We Didn’t Learn Our Lesson

I can’t be thankful enough that I was fired from my job at the law firm at the 1 World Trade Center in 1999. If I hadn’t done the very bad thing I did that got me fired, I would have been at work that morning of 9/11, and I would have been dead today. I wouldn’t have had the chance to even throw myself from the building; it would have been instantaneous.

Despite that, and despite the people I personally knew who died, I never let it eat at me and make me a bitter, hateful person who generalizes an entire people, nation or religion. The only regret I have is not being able to do any more to fight against those who took advantage of what happened on 9/11 and used it for hatred and division.

And then there is this, from Robin Hanson’s “Forget 9/11”:

In the decade since 9/11 over half a billion people have died worldwide. A great many choices could have delayed such deaths, including personal choices to smoke less or exercise more, and collective choices like allowing more immigration. And cryonics mighthave saved most of them.

Yet, to show solidarity with these three thousand victims, we have pissed away three trillion dollars, and trashed long-standing legal principles. And now we’ll waste a day remembering them, instead of thinking seriously about how to save billions of others. I would rather we just forgot 9/11.

Do I sound insensitive? If so, good — 9/11 deaths were less than one part in a hundred thousand of deaths since then, and don’t deserve to be sensed much more than that fraction. If your feelings say otherwise, that just shows how full fricking far your mind has gone.

A commenter there quoted Adam Smith from The Theory of Moral Sentiments:

If he was to lose his little finger to-morrow, he would not sleep to-night; but, provided he never saw them, he will snore with the most profound security over the ruin of a hundred millions of his brethren, and the destruction of that immense multitude seems plainly an object less interesting to him, than this paltry misfortune of his own.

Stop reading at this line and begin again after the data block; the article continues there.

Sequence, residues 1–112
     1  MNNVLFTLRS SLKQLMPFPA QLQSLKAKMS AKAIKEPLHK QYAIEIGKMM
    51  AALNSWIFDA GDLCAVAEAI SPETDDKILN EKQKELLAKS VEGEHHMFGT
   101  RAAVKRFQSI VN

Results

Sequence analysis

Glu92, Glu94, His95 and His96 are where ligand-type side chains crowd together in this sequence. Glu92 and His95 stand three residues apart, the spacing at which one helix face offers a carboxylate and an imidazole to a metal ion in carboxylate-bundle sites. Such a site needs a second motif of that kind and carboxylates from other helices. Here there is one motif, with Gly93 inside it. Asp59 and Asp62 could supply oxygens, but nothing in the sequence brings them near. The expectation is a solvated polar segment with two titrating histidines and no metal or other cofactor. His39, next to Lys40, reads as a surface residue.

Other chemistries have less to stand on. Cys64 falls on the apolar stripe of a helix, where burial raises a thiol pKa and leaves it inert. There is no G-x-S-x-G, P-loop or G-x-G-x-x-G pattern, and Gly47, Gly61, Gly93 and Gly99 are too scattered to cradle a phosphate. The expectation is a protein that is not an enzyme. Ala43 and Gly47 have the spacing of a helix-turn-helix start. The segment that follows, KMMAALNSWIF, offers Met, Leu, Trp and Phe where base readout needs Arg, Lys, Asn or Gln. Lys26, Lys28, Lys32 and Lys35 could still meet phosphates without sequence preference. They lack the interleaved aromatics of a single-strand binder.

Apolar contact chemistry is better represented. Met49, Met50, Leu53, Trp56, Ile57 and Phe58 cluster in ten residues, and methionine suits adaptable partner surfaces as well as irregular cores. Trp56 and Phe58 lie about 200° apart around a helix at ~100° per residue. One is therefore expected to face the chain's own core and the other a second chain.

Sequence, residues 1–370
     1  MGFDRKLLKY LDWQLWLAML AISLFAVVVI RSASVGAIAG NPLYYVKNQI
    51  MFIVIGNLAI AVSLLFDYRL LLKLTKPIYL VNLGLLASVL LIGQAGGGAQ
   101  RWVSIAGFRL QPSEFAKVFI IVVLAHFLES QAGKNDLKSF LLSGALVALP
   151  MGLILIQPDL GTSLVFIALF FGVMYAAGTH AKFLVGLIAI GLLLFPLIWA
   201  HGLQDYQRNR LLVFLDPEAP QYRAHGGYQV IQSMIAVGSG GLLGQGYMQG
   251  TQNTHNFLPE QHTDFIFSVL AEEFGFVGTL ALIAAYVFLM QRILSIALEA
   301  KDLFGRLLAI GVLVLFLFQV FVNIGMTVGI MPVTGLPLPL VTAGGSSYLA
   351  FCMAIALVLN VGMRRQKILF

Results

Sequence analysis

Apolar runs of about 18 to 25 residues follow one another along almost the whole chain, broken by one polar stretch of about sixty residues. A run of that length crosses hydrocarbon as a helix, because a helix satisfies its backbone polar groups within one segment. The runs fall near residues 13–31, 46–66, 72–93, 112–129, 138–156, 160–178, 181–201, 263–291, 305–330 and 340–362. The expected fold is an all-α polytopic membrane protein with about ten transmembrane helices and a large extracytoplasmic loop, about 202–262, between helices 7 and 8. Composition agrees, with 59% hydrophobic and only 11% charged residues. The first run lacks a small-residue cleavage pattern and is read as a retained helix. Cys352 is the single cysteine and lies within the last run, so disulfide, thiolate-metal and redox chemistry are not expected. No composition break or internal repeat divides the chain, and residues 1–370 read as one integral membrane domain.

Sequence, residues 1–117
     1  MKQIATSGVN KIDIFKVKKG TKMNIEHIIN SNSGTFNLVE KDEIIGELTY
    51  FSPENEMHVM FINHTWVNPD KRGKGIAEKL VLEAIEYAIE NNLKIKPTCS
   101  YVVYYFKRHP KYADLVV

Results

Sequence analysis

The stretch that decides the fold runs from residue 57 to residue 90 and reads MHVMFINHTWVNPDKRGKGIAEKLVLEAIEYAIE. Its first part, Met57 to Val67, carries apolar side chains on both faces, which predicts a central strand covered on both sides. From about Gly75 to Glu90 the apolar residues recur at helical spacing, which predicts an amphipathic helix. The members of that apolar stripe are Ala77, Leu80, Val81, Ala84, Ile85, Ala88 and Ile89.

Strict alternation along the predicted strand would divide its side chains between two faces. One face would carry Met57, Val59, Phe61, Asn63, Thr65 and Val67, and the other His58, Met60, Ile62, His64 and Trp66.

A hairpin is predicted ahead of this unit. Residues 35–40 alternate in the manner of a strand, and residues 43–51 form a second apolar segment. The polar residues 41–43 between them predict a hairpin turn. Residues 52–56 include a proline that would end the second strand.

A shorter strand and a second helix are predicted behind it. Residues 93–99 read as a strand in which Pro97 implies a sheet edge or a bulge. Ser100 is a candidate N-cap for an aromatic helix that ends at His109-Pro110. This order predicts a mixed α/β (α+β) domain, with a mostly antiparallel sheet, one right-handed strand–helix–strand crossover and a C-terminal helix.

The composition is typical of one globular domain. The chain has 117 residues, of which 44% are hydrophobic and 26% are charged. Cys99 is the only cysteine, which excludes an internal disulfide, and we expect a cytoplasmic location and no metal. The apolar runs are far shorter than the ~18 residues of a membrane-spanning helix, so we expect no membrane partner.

Honestly, I can’t disagree with this. If it’s horrible that we’ve allowed those who committed the heinous crimes against 3000 people and the US on 9/11 to make us hate a group of people, it’s even worse that we’ve allowed ourselves to trash the very principles that made us who we are; dismiss the greater atrocities that have occurred both at the hands of others, poverty and our own hands; and forget our place in this world as the only superpower. If we expect our super heroes – Batman, Superman – to save us, we should expect to do it ourselves in their absence. Instead, we whine, like little shits, hurt from a fall, and take a bat to our own selves, over and over again.


In a Google+ post by Dan Gillmor pretty much reflecting what I wrote above, Russel Nelson wrote:

We should forget. Terrorism is successful (and has succeeded on us) because it plays off the human brain’s inability to comprehend very small risks of very bad things. The more we remind ourselves of these risks, the more terrorism harms us. Politicians remind us because it gets them the power they crave. The media reminds us because it gets them the attention they crave.

What we need to forget is the fear. We weren’t any safer before 9/11 than we were after 9/11 – we were simply reminded that we’re not exceptional. The biggest blows the terrorists made were to those who died and their friends and families and to our ego.

The damage that came after was self-inflicted.


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